Reformation Day Lessons from the Presbyterian Churches of Syria and Lebanon
by Nancy Fox
We know the story of Martin Luther, and this 500th anniversary of the posting of his ninety-five theses in Wittenberg has refreshed our memories. To some degree, many of us also know the story of John Calvin, the spiritual father of our Reformed/Presbyterian branch of the movement, and of the church he led in Geneva. But what about the Reformed churches in Syria and Lebanon? On this Reformation Day, let me tell you some of their stories and how all of these connect…
The Bible was the centerpiece of the Reformation, in all of its branches. With the invention of the printing press, the high priority of making the Bible available in the language of the people became possible. In the part of the Middle East that is now Syria and Lebanon, Presbyterian and other Reformed missionaries began their work around 1819. This mission produced a translation of the Bible that is still the most popular in Arabic, the Van Dyck Version, of which more than ten million copies – and countless more in digital form on mobile phones – have been distributed since its completion in 1865. Those who responded to the mission took the name “evangelicals” because it was the “evangel” – the good news about Jesus Christ as revealed in the Bible – that animated and shaped their faith life. The National Evangelical Synod of Syria and Lebanon (NESSL), formed in 1920, now has about 4,000 active members in 38 congregations in the two countries. They are our Presbyterian family in a troubled time and place.
Our Reformed faith, built on the Bible, has always prioritized literacy and education. On a recent Reformation Study Tour sponsored by the Presbyterian Foundation and the Presbyterian Historical Society, I saw Calvin’s College and Academy in Geneva, a school for all boys seven and older, a precursor of public education and a predecessor of modern universities. I also saw the Auditoire Calvin, the hall where adults gathered for lectures or to listen in as the company of pastors studied the Bible together. In the last two summers, on trips to Lebanon sponsored by The Outreach Foundation, I have also seen universities and schools started and run by the Evangelical churches. The Synod’s website describes its emphasis on education:
The Synod has contributed richly to the educational development of both Syria and Lebanon, with its schools today serving more than 14,000 students. Of great significance is the fact that these schools serve students from all Christian and non-Christian affiliations, with no discrimination toward race, religion or gender. This is a Christian legacy and testimony of interaction, harmony and reconciliation within a community which has suffered from generations of sectarianism. NESSL
The NESSL Presbyterians are duly proud of their heritage of education. They were the first to educate girls, the blind and the handicapped. This tiny minority established four out of ten major universities in Lebanon (now independent from the churches). They shaped a culture in Lebanon that values education so highly that – as I heard – families now spend about a third of their income to educate their children. And, as NESSL’s website states, they have always educated students of all faiths and groups, thus helping to shape and moderate many political, business and other leaders in the region for over two centuries.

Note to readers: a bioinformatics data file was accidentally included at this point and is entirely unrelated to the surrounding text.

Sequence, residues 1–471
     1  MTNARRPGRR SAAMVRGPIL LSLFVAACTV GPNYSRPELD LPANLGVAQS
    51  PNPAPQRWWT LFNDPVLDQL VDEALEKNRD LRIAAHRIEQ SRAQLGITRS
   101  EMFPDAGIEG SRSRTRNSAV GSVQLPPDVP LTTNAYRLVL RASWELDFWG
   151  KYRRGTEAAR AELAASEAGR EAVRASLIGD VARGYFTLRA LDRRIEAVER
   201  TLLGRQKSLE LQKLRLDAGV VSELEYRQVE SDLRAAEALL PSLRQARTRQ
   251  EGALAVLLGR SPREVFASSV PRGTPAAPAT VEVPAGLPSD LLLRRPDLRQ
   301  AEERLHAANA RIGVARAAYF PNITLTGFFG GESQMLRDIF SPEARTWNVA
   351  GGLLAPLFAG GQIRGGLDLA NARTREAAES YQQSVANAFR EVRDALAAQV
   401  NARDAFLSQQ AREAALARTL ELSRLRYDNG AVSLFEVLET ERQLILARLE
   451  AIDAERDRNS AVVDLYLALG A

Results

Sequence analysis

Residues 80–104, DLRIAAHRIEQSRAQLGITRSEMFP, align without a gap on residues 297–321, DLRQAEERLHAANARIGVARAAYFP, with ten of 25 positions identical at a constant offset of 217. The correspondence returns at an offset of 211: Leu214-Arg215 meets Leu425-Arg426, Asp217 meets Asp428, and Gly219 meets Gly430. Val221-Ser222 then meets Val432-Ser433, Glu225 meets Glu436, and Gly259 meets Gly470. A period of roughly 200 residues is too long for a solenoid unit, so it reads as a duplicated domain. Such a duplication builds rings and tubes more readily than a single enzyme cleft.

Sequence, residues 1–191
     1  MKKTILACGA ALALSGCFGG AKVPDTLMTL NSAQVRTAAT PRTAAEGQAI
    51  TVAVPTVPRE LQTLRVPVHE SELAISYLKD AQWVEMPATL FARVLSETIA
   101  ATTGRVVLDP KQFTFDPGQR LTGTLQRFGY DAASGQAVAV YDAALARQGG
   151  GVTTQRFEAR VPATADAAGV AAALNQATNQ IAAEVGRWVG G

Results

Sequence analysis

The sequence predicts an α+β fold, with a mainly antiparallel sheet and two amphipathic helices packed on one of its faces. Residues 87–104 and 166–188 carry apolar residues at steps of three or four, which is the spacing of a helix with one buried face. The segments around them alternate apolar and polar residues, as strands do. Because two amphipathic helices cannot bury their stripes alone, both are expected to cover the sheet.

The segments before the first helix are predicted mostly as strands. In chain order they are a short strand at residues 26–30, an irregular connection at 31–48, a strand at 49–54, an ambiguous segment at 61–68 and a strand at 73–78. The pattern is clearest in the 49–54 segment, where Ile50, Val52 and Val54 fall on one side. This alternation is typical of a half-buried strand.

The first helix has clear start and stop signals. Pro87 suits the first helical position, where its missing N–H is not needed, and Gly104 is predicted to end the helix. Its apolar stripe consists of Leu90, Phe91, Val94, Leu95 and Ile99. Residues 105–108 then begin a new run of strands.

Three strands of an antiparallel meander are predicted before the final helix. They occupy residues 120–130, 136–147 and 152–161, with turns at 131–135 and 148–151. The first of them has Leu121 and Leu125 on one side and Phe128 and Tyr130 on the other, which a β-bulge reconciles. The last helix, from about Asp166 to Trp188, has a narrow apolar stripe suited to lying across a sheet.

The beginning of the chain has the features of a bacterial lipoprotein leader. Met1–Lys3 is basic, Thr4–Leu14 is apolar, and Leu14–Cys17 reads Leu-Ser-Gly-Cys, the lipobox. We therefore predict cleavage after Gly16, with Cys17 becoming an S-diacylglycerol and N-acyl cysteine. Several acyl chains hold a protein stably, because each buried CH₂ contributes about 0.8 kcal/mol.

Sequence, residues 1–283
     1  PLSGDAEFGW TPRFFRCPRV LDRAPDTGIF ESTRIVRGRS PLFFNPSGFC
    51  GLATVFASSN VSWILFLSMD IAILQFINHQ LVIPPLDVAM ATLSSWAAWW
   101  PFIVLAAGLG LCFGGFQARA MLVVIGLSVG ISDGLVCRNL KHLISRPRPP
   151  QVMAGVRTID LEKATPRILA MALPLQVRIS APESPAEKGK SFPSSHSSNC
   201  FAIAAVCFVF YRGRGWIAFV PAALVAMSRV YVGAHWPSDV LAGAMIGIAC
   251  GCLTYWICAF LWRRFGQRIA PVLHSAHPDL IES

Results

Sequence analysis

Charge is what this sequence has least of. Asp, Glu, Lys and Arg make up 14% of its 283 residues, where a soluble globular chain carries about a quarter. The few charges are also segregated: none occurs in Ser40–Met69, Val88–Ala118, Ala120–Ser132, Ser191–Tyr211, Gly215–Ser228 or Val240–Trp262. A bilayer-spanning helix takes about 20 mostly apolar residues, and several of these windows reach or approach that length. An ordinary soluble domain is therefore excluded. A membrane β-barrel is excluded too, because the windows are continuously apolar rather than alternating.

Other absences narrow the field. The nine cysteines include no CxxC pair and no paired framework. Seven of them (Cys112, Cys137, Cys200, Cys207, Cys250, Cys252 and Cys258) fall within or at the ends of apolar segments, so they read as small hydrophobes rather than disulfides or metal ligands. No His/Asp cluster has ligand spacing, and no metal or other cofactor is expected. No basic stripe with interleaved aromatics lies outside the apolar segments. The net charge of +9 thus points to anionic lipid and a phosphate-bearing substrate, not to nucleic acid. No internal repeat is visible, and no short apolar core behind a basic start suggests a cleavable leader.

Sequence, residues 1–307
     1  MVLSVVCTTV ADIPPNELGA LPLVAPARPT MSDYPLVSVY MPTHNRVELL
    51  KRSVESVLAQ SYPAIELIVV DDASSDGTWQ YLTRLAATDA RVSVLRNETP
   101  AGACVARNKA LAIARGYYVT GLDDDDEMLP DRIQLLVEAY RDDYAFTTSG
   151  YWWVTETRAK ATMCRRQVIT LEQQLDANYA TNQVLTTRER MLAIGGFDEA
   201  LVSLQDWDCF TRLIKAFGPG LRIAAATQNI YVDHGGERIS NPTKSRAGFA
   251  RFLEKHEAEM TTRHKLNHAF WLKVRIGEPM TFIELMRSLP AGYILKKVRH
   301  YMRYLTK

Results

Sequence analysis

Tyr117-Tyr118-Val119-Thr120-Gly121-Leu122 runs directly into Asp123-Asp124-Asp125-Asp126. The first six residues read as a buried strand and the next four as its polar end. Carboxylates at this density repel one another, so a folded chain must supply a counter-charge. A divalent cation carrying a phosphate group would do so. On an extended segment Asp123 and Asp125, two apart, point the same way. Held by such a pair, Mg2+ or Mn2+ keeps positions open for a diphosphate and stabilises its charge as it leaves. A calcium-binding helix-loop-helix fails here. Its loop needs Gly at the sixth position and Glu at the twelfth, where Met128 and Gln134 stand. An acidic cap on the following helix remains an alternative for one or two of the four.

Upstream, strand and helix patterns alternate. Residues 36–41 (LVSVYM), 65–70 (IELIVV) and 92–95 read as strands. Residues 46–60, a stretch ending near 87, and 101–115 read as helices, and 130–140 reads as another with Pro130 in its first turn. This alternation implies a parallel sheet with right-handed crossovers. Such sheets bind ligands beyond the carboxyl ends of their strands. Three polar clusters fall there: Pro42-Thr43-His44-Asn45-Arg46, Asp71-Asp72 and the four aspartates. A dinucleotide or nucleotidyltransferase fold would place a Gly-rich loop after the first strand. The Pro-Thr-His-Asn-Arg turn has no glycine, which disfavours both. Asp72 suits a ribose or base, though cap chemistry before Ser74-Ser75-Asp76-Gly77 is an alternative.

This past summer, at a Synod retreat for about 120 women mostly from Syria, in which our Outreach team participated, I heard a stimulating lecture by Rev. Suheil Saoud, a Lebanese pastor, entitled “The Impact of the Reformation on the Church” (in the Middle East). He emphasized, of course, this significance of the impact of the Reformation on education in Syria/Lebanon, and shared their hope to help rebuild Syria “from the schools up” to help counter what children may have learned from the indoctrination schools that ISIS ran. I enjoyed witnessing the Evangelicals’ pride of heritage and accomplishment, and meeting on our visit four vibrant, brilliant and clearly competent women principals of Presbyterian schools – in Homs and Aleppo in Syria, and Beirut and Tripoli in Lebanon.
Rev. Saoud also spoke about the heritage of Calvin’s church in Geneva as seen in the social service ministries of NESSL, and how both churches have been at the center of major refugee crises. For Calvin, care for the poor was a high priority and identifying mark of the true church. On our Reformation Study Tour, we walked in the footsteps of ten thousand Protestant refugees who fled persecution in the 1540s and 50s into Geneva through the “Refugees’ Gate.” Just inside, we stood at the entrance to the Chapelle de St. Leger where Calvin stationed deacons to provide welcome and relief services for the poor and new arrivals. We snapped photos of the old homes in that area onto which Genevans had added additional floors, raising their roofs and adding dormers in order to accommodate refugee families. We filled our water bottles from fresh fountains which had been built as part of a city sanitation system for the health of poor residents. Calvin himself had come as a refugee to Geneva – twice – and lived there with the equivalent of our American “green card.” In his day, one third of the city’s population were refugees, but there were no beggars on the streets.